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Sustainable Communities - Global Prosperity

To provide a focal point to the many initiatives that build on our strengths, the strategic focus identified in Carleton’s Strategic Integrated Plan is ‘Sustainable Communities-Global Prosperity’.

This focus reflects the significant progress Carleton has made in building relevant academic programs and research initiatives, as well as our roots in the community, and our recognition of Canada’s social and economic priorities.

As stated in the Strategic Integrated Plan, “global prosperity can only be achieved through the building of sustainable communities.” Sustainable communities is not a novel or new concept, but its meaning in the Carleton context merits clarification.

Sustainability is key to this orientation, and places as a priority research that allows us to evaluate our real needs as a society, and to meet these needs without compromising the health and quality of life of future generations.

Community is also a broad term in this context. Communities can be subgroups within a population; they can be national or international. They can be communities of practice/discipline/interest. They can be the communities in which we live today, or the communities of tomorrow.

By defining a common platform, we are highlighting Carleton’s academic and research strengths that contribute to building sustainable communities, as well as providing an opportunity for our researchers to share their collective expertise to demonstrate leadership and work together moving forward.

The key is to foster points of connection across particular problem areas, and to articulate our activities and vision in a manner that highlights the relevance of our work to building a sustainable, healthy, and prosperous society for today and for future generations.

This entails attention to who we are as people, the environment or places in which we exist, the science and technologies that provide the basic tools for work, life, and leisure, and the social, cultural, and economic practices that govern our behaviors as individuals and as a society.

The research dimensions of connection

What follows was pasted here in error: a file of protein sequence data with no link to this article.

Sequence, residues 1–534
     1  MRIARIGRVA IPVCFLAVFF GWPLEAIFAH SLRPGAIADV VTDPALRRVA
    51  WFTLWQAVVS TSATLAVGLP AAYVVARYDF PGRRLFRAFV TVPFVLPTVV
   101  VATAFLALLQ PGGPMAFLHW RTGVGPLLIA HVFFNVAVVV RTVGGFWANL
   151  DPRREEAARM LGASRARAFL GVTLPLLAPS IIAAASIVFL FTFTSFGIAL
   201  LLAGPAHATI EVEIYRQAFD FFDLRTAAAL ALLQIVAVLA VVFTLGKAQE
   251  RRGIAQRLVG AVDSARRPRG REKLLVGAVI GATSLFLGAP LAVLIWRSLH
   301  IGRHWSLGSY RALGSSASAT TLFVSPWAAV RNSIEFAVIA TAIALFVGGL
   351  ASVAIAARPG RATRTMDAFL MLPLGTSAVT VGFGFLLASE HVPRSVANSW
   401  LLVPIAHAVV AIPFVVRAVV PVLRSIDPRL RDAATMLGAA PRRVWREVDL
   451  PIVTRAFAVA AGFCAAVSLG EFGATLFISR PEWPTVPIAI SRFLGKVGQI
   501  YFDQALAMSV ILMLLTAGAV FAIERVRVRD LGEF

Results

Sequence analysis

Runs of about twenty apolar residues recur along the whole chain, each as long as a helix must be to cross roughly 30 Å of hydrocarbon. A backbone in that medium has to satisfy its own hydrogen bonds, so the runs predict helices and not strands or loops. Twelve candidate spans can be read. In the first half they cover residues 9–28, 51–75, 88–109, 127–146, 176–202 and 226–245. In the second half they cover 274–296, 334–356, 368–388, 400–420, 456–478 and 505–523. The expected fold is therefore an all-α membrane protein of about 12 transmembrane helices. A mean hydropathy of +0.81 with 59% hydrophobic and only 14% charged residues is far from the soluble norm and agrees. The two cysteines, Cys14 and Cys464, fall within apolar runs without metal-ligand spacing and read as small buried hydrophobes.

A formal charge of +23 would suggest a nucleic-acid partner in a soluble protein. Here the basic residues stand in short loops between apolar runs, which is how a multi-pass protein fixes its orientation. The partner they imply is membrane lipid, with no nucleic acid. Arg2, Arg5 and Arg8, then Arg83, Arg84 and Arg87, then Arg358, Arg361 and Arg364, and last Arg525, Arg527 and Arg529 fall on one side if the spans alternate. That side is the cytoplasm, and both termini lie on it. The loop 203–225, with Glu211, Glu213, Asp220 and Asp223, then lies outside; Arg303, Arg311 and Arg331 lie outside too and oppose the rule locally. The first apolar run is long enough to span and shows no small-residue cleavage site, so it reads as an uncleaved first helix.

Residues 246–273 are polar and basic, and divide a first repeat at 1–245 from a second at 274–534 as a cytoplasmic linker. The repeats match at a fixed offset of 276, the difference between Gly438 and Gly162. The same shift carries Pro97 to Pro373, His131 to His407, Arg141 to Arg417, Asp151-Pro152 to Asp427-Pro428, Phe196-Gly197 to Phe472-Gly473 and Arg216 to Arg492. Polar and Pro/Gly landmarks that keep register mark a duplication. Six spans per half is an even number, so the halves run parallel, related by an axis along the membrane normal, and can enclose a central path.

Carleton’s researchers demonstrate excellence in many areas of scholarship and outreach. The risk in defining specific areas of excellence is that this creates boundaries, as well as a perception that unspecified perspectives and paradigms are excluded.

In fact, research clusters shift over time as problems evolve, and areas that aren’t explicitly listed often operate at the intersections, bringing approaches together and creating the bridges that makes interdisciplinary work possible. In this regard, these less visibly obvious areas of scholarly activity are integral to the success of collaborative approaches, as they shape the dialogue and increase the capacity for successful engagement and uptake across disciplines and sectors.

Carleton recognizes that to take full advantage of our strengths, we need to make room for a plurality of perspectives and enable the flexibility for different configurations of expertise to come together depending on the problem definition, the solutions being sought, and communities being affected.

To this end, although we have identified four broad areas of research, they are intended to represent intersecting dimensions that contribute to building Sustainable Communities. Some research questions will fall clearly along a single dimension. Many research questions will be multi-dimensional; depending on the problem defined and the solution sought, a researcher or team may be working along all four dimensions at once, or the emphasis might shift over the course of a project.

For example, understanding Indigenous communities is integral to developing policy associated with resource development; building sensor technologies for infrastructure protection may require collaborative expertise in climate and geology; understanding human illnesses affected by environmental toxins, which in turn can be technologically monitored can be the basis of regulatory considerations; policies that present systemic barriers to migrants may mitigate against achieving economic success; employing digital technologies may be critical to the production, preservation, and transmission of culture.

In effect, these research dimensions are points of connection that can be brought together and, in our work to build sustainable communities, ensure a viable future for generations to come.

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